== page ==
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Article

Elizabeth Velazquez and Maria Hernandez

The purpose of this paper is to review current research on police officer mental health and to explore the reasons why police officers do not seek mental health treatment.

Abstract

Purpose

The purpose of this paper is to review current research on police officer mental health and to explore the reasons why police officers do not seek mental health treatment.

Design/methodology/approach

A comprehensive, systematic search of multiple academic databases (e.g. EBSCO Host) were used to identify studies conducted within the USA, identified definitions of first responders, identified the type of duty-related trauma expected by police officers, how influential stigma is amongst the police culture and what current intervention strategies are employed to assist police officer mental health wellness.

Findings

This research was conducted to identify police officer trauma-related mental health and the stigma behind seeking treatment. The research highlights job-related trauma and stress leads to the development of post-traumatic stress disorder, depression, substance use disorder and suicide or suicide ideation. The stigma behind seeking mental health treatment is associated with law enforcement organizations and environmental factors. Organizational factors include occupational stress characteristics such as day-to-day of the job and environmental factors such as abiding by social and law enforcement culture ideologies. Further research should be conducted to understand why law enforcing agencies and personnel are unknowingly promoting stigmas.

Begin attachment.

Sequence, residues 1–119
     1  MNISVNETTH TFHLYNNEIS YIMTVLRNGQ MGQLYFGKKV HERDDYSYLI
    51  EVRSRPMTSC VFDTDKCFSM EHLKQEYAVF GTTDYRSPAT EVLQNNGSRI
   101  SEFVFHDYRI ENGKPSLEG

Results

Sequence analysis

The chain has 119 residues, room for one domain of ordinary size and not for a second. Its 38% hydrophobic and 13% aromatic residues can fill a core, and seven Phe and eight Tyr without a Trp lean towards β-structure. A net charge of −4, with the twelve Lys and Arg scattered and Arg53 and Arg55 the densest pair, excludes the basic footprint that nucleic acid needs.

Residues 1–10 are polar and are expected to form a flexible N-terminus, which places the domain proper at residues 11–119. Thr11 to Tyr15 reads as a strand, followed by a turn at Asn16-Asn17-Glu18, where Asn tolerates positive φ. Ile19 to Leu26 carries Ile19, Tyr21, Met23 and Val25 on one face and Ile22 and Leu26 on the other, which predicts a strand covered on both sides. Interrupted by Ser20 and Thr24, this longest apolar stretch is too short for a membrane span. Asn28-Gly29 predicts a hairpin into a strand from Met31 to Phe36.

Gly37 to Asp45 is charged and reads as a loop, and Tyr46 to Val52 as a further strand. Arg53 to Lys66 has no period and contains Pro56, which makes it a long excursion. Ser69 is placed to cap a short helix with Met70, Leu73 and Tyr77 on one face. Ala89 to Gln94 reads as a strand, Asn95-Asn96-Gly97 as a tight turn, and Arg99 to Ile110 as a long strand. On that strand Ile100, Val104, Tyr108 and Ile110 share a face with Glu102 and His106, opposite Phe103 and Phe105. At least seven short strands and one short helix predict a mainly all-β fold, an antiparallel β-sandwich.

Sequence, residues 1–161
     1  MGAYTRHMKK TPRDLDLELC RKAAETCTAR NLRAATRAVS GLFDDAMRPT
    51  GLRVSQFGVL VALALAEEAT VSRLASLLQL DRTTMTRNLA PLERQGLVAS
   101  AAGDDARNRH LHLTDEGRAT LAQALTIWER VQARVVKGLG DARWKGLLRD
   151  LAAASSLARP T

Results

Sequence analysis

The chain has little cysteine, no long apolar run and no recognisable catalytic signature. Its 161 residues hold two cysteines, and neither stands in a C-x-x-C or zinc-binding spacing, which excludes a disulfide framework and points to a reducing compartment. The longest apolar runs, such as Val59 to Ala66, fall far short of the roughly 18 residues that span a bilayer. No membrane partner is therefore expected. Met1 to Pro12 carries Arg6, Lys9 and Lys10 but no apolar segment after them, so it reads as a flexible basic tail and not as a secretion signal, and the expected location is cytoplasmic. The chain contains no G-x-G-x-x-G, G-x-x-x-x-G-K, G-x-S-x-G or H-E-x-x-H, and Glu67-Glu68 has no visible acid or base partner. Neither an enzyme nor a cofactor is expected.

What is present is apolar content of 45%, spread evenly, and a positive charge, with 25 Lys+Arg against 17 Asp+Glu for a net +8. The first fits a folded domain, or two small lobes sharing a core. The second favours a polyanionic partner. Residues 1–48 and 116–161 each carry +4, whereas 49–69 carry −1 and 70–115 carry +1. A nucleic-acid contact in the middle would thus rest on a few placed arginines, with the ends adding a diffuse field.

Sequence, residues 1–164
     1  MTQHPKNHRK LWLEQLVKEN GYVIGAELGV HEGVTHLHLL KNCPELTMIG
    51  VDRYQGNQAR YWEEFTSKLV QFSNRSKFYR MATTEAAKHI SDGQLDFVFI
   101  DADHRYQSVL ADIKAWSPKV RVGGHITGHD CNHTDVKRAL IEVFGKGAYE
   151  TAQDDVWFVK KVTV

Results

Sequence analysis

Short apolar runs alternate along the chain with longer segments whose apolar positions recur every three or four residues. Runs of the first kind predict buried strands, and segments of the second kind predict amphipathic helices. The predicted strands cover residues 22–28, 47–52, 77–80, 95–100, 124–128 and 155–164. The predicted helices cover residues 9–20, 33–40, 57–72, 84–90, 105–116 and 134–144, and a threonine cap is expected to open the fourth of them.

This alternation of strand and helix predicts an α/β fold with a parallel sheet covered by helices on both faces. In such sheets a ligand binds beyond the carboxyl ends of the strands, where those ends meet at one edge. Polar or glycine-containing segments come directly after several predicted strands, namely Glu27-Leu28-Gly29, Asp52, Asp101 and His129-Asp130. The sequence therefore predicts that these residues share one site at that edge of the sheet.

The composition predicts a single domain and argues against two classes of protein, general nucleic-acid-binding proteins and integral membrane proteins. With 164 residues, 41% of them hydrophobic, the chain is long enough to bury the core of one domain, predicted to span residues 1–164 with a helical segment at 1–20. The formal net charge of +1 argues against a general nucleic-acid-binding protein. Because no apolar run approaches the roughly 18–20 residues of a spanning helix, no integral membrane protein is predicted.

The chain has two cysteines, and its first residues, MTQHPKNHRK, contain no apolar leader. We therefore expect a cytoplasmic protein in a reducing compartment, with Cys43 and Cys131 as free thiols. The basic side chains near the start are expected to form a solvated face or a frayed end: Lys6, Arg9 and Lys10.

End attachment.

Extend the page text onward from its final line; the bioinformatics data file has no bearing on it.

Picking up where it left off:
Originality/value

This is the most current meta-review of research examining the severity of mental health in police officers, the stigma behind acquiring treatment and innovative treatment approaches in police officer mental health. This study will provide a useful resource for those researchers interested in continuing to examine the different aspects of police officer mental health and how to potently approach innovative interventions to help law enforcement personals mental wellness thrive in a field where trauma is experienced daily.

Details

Policing: An International Journal, vol. 42 no. 4
Type: Research Article
ISSN: 1363-951X

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Article

Noreen Shafiq, Ioan M. Ohlsson and Paul Mathias

The purpose of this paper is to investigate the predictors of punitive attitudes towards young offenders among police officers. This included an examination of variables…

Abstract

Purpose

The purpose of this paper is to investigate the predictors of punitive attitudes towards young offenders among police officers. This included an examination of variables such as officers’ coping styles, mental health, rank and age. It was predicted that indirect coping styles, mental health difficulties, higher age and higher rank would negatively impact on punitive attitudes towards young offenders. Officers reporting direct coping strategies, low levels of mental health difficulties, lower rank and lower age were expected to have less punitive and more rehabilitative attitudes towards young offenders.